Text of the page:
"Sexuality and Power in The Mind of the South" is derived from a talk Painter delivered at Wake Forest University on the fiftieth anniversary of W. J. Cash's influential book. In some ways this is the weakest essay of the six, as it takes Cash to task for objectifying women, African Americans, and especially African American women while removing that objectification from the context of the book itself. Cash was railing against the entire South, complaining about poor whites, rich whites, men and women of all races and classes. Cash was, as Painter points out, writing "a biography of a character named 'the South'," rather than a comprehensive study of the diverse minds that make up the region. But in complaining that Cash objectifies and demeans women and African American men, she is missing or ignoring the point that Cash was trying to make-that the entire South was a remarkably unchanging, puzzling, irrational construction built by planter-capitalist plutocrats. One may certainly quarrel with Cash's thesis, if it is a thesis, but Cash certainly did not sympathize with the planters, as Painter at times seems to suggest. One may justly criticize Cash for being racist and sexist and even classist, as one might well criticize him for his stream-of-consciousness style and his tendency toward convoluted arguments, but he is an equal-opportunity offender. Although Painter accurately points out in her concluding remarks that only the non-southerner emerges truly unscathed from The Mind of the South, a reader who expects this essay to provide an introduction to Cash's ideas might well conclude that Cash had written a conservative defense of southern traditions rather than a scathing critique of them.
The essays presented in Southern History Across the Color Line are sometimes oddly organized and might benefit from a firmer editorial hand. The tendency to regard each essay as a sacred relic from a particular time in Painter's career is understandable given her reputation as a scholar, but it makes for rather jarring shifts in tone as each essay seems written for a different audience and in a different voice. Some readers may also be put off by the author's willingness to insinuate herself into the material, as though the story of how she came to be interested in these historical actors is as relevant to her audience as the actors themselves. Her attempts to use psychological insights sometimes ring true, as with the struggle Gertrude Thomas underwent over her husband's indiscretions, and at other times fall flat, as when she asserts Cash's lust for black women without providing documentation or explaining her rationale for the conclusion. Where psychological methods might yield the greatest benefit, in analyzing Hosea Hudson's life and motives, the effort falls short. Still, on the whole, by using gender and class as bridges to cross the color line, Painter succeeds in raising important questions with this collection. Any historian should hope to leave such a legacy.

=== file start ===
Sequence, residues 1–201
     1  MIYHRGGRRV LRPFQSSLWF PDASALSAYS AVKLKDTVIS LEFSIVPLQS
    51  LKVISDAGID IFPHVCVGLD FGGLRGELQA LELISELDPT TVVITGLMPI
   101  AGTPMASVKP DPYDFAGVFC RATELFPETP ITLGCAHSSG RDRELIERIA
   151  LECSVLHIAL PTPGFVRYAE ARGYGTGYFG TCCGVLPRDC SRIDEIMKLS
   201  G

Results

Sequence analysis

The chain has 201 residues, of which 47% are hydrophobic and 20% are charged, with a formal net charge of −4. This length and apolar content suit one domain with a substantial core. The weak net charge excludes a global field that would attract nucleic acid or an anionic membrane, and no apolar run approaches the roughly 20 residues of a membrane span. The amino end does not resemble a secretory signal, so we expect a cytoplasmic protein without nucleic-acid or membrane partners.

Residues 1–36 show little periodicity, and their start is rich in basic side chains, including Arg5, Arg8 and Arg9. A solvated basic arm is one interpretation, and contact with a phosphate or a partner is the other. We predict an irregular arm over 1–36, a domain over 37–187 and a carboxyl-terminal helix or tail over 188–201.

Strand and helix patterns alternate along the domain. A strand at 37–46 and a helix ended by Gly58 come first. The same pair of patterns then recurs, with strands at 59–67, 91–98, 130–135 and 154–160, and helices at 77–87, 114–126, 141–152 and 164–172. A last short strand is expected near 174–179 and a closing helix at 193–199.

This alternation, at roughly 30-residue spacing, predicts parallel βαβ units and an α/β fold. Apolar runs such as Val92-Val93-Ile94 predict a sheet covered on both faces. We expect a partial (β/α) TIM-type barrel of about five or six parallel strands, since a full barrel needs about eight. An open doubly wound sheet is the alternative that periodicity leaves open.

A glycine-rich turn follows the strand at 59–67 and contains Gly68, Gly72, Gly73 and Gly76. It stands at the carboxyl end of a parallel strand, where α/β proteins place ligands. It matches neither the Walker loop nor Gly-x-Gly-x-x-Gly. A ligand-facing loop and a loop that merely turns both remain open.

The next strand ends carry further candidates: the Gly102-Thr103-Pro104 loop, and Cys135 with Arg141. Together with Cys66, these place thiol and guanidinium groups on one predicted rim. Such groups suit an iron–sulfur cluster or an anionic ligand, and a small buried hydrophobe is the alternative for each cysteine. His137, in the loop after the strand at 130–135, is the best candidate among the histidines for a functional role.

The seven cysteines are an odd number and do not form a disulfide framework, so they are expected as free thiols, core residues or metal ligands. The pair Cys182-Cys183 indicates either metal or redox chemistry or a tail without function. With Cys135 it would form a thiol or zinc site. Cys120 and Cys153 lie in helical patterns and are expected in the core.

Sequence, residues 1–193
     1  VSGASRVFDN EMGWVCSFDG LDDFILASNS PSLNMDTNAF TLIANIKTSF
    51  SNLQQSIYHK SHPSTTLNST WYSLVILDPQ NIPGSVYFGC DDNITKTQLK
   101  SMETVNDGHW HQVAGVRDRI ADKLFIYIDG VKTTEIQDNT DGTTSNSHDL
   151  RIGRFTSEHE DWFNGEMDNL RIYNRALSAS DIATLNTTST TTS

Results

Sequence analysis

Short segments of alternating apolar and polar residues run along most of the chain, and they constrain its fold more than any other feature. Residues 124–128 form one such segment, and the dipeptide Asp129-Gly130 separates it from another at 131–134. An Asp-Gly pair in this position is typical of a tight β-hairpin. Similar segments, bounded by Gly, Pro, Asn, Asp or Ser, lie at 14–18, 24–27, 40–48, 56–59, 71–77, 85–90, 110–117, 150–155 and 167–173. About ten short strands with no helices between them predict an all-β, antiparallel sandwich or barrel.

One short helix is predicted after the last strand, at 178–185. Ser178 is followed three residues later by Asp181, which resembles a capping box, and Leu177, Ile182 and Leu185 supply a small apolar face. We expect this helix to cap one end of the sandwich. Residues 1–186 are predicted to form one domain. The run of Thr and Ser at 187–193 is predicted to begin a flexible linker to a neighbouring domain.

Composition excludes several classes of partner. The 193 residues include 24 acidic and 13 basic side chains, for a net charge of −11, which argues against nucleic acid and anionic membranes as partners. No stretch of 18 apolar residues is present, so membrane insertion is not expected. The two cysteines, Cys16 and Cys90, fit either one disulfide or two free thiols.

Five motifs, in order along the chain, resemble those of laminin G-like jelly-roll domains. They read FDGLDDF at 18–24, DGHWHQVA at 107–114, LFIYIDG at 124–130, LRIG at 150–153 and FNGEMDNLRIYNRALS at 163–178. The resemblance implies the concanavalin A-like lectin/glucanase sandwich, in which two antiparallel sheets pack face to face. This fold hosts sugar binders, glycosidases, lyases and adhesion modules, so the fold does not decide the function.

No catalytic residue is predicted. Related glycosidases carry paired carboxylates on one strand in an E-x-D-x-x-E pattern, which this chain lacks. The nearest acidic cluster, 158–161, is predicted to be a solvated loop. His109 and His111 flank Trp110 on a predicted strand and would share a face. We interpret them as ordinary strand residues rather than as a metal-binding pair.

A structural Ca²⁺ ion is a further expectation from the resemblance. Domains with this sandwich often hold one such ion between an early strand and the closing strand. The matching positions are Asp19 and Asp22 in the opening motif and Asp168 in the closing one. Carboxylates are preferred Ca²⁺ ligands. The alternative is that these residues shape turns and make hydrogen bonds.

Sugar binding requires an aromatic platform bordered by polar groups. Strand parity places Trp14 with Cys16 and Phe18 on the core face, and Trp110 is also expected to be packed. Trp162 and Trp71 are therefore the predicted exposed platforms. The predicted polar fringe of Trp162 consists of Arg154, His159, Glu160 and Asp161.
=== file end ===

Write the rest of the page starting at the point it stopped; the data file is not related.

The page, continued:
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Stephen W. Taylor. Review of Painter, Nell Irvin, Southern History Across the Color Line.
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Copyright © 2002 by H-Net, all rights reserved. H-Net permits the redistribution and reprinting of this work for nonprofit, educational purposes, with full and accurate attribution to the author, web location, date of publication, originating list, and H-Net: Humanities & Social Sciences Online. For any other proposed use, contact the Reviews editorial staff at email@example.com.